Although fig 2 indicates a left carotid bifurcation lesion of the order of 50% on CEMRA, we selected a single orientation to optimally show the lesion at the carotid siphon; other views showed a bifurcation stenosis of the order of 70%. When duplex ultrasonography and CEMRA are discordant, catheter angiography should be used as an “adjudicating” imaging modality.

    Emboli may have sources other than the carotid bifurcation, and an acute ischaemic focus in the left cerebellar hemisphere prompts a careful search for alternative sources of emboli. Diffusion weighted imaging (DWI) is extremely sensitive for detecting acute cerebral ischaemia from within minutes to around two weeks of the onset of symptoms, and shows a bright (white) lesion.14 Apparent diffusion coefficient (ADC) images (which are calculated from the diffusion data set) should be examined alongside the DWI images and note made of whether there is corresponding “signal fall out” (a dark area on the ADC image) indicating an area of restricted diffusion. These two findings in conjunction suggest an acute ischaemic lesion of up to 7-10 days old (at which point the ADC image tends to normalise). A white lesion on both the DWI and ADC images indicates a phenomenon known as T2 shine-through and is caused by a lesion with high T2 value that is not associated with restricted diffusion (some tumours).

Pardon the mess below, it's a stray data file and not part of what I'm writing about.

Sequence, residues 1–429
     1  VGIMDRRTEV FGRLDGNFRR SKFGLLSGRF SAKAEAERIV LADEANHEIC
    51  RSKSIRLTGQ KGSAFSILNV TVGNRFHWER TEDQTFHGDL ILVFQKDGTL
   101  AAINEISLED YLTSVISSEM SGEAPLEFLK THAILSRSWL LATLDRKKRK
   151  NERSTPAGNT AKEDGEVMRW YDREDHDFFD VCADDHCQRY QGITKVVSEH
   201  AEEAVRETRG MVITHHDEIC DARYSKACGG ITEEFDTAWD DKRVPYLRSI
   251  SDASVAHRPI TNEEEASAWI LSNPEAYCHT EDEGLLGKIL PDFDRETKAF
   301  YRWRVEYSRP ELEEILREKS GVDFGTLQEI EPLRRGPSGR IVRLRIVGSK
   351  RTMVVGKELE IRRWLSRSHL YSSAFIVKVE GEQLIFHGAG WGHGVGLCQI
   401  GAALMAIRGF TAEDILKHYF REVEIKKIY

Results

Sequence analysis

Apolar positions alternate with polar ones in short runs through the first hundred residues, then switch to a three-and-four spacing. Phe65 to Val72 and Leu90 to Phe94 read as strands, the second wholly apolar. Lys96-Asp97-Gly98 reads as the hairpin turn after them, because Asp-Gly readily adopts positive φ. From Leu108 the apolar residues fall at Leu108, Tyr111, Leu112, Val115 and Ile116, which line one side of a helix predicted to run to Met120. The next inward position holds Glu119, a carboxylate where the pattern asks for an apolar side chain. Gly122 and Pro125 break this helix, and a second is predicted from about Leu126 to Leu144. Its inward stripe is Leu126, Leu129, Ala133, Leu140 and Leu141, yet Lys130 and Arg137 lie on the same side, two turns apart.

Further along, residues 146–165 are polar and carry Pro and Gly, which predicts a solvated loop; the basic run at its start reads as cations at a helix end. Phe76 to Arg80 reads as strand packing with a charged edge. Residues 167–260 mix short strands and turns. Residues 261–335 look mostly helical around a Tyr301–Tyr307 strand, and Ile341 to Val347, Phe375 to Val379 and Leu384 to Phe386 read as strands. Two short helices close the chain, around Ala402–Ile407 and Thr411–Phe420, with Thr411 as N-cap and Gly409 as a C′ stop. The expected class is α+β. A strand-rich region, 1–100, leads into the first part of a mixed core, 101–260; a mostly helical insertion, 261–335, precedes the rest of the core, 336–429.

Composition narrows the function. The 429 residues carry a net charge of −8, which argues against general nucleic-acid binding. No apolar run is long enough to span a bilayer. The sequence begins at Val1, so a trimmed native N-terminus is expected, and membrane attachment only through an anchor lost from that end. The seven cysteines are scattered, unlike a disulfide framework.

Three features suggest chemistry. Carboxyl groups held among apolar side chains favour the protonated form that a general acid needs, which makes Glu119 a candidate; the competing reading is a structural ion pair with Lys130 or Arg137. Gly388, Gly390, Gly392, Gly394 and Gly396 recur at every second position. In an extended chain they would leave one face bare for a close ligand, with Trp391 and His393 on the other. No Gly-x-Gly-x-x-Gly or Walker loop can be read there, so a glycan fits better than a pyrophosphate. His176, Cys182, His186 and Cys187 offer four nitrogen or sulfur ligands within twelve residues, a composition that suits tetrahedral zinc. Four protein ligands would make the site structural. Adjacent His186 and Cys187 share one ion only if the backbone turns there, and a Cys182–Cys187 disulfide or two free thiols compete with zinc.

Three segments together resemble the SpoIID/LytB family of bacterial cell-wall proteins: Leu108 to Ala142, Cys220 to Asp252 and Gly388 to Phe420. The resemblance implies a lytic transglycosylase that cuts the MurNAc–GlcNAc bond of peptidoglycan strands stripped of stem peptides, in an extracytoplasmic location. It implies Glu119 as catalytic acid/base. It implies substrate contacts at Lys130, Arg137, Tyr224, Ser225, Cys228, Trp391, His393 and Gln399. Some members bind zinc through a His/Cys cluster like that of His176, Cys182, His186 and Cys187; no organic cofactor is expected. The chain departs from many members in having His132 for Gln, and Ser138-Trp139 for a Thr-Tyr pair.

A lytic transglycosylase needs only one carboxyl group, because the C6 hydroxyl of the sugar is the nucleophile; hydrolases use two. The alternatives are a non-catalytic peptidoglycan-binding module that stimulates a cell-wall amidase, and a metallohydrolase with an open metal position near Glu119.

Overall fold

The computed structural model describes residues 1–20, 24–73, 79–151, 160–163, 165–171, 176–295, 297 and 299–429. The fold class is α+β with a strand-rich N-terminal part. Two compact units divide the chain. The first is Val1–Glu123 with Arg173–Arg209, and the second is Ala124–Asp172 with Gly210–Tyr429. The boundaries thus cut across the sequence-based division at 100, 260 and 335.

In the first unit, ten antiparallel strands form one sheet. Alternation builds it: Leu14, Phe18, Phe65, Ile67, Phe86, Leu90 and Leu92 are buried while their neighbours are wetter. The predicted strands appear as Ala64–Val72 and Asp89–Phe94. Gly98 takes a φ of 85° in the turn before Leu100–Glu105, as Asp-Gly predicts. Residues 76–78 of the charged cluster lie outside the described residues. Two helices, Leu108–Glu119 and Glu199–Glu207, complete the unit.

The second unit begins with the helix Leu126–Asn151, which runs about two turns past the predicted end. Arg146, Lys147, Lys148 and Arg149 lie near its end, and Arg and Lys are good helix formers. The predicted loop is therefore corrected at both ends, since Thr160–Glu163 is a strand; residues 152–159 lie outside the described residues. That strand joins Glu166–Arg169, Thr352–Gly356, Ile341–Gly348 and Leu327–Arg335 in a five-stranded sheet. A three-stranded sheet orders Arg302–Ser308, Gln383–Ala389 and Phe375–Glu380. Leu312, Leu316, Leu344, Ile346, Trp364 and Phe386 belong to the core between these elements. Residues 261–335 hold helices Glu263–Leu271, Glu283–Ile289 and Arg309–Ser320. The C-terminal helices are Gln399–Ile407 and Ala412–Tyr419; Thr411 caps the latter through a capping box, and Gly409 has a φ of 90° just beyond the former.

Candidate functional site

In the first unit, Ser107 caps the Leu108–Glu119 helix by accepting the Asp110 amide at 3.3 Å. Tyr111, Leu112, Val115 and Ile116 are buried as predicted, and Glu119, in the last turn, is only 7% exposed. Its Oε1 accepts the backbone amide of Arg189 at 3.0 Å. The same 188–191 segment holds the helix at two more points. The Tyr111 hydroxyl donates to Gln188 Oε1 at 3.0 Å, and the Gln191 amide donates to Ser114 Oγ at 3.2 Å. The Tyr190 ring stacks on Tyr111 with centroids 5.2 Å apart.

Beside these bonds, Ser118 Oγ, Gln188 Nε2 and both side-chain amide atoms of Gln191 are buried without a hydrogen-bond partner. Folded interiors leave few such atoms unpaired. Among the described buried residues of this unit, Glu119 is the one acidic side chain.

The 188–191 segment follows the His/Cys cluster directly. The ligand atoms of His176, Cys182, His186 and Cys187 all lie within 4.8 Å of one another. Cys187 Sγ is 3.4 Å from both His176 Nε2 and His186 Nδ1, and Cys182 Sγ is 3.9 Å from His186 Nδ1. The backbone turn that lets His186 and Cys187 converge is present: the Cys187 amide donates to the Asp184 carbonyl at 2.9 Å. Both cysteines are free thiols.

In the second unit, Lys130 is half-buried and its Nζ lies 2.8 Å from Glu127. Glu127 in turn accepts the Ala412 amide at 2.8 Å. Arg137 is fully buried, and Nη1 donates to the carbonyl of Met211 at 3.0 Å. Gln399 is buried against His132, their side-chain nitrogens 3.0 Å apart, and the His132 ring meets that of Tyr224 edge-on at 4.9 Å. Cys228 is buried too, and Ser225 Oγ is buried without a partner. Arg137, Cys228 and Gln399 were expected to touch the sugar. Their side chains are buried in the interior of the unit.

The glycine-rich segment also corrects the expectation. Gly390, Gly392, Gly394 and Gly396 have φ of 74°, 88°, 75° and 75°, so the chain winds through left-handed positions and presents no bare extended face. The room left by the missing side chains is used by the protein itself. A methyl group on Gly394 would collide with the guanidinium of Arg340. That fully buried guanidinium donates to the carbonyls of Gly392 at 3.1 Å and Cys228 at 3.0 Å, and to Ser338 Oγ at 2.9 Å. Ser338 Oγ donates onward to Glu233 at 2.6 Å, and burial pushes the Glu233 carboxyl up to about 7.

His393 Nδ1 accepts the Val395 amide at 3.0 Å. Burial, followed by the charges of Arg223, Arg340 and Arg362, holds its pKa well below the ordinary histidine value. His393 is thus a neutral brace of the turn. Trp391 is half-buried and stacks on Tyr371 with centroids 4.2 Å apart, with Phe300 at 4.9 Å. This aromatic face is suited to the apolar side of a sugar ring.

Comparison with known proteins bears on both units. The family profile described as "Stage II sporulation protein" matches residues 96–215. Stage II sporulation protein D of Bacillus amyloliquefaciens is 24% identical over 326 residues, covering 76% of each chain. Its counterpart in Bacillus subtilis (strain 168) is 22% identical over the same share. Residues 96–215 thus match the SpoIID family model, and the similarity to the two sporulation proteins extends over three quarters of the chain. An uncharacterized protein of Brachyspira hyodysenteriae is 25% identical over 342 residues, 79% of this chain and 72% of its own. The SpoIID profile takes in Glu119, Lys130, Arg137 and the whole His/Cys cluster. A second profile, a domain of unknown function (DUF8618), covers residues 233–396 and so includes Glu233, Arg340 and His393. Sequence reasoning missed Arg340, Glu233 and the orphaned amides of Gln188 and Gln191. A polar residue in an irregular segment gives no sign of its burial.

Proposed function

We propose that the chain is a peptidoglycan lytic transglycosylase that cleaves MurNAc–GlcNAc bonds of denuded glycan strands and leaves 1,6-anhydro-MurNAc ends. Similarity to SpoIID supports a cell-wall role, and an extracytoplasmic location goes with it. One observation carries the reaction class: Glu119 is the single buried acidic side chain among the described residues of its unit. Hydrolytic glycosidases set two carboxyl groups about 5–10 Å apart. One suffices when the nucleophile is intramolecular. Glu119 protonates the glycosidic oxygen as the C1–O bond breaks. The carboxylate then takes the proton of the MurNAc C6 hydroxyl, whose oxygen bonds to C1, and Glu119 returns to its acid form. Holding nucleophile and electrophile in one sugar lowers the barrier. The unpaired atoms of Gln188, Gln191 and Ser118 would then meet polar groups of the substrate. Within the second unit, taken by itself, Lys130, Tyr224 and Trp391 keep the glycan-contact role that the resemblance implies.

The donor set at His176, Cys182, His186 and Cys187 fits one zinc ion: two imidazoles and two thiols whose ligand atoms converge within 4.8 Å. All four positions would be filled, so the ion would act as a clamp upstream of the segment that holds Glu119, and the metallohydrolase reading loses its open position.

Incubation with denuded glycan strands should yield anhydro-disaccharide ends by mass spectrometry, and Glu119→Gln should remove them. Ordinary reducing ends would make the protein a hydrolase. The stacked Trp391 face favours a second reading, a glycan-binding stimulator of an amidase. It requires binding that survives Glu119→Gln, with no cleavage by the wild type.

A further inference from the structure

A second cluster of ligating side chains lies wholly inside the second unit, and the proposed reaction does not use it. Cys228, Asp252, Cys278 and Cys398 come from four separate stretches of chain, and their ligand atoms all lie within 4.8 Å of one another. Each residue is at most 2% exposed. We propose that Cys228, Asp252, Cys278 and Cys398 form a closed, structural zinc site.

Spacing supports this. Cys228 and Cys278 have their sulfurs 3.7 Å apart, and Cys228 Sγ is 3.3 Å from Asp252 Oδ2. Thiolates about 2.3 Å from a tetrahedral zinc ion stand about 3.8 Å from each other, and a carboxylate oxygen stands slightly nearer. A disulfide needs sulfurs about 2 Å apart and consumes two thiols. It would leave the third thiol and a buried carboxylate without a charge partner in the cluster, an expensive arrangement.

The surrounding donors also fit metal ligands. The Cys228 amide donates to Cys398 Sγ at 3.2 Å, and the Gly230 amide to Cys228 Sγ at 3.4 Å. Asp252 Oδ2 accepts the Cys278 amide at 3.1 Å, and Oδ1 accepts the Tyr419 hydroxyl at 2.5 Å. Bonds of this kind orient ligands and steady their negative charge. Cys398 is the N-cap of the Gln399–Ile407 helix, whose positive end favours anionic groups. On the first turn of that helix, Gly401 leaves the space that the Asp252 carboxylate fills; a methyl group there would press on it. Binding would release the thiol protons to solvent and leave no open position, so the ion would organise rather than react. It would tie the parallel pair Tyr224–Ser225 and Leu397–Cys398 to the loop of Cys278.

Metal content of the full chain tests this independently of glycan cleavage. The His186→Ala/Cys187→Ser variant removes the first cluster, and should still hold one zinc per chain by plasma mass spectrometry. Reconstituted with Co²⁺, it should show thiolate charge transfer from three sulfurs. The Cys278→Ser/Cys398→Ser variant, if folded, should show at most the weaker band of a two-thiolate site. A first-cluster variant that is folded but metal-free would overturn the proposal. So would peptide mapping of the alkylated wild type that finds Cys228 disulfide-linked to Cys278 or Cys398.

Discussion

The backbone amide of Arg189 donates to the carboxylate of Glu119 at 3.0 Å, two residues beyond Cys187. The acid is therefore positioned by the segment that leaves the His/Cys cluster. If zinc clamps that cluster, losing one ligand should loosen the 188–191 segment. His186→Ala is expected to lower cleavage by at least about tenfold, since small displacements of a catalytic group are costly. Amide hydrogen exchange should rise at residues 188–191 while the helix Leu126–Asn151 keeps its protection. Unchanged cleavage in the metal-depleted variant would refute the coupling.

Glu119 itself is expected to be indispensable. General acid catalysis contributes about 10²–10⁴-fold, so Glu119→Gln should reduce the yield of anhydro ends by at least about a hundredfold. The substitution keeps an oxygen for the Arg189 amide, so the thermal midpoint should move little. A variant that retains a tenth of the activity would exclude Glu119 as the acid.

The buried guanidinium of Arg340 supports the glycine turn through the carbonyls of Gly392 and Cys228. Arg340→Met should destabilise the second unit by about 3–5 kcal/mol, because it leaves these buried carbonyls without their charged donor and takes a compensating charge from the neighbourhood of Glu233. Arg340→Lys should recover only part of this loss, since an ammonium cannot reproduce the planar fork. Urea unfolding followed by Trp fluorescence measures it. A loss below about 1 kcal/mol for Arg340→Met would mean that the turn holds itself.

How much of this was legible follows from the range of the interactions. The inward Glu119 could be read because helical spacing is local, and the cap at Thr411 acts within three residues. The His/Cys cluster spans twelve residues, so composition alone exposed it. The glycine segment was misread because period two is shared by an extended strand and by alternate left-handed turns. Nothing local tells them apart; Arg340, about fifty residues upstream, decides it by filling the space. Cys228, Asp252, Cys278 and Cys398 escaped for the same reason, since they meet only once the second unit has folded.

DWI is advocated for excluding stroke mimics and when there is diagnostic uncertainty with respect to vascular territory.4


    Cite this as: BMJ 2009:338:a3109


    • Competing interests: None declared.

    • Provenance and peer review: Commissioned; externally peer reviewed.

    • Patient consent not needed (patient anonymised, dead, or hypothetical).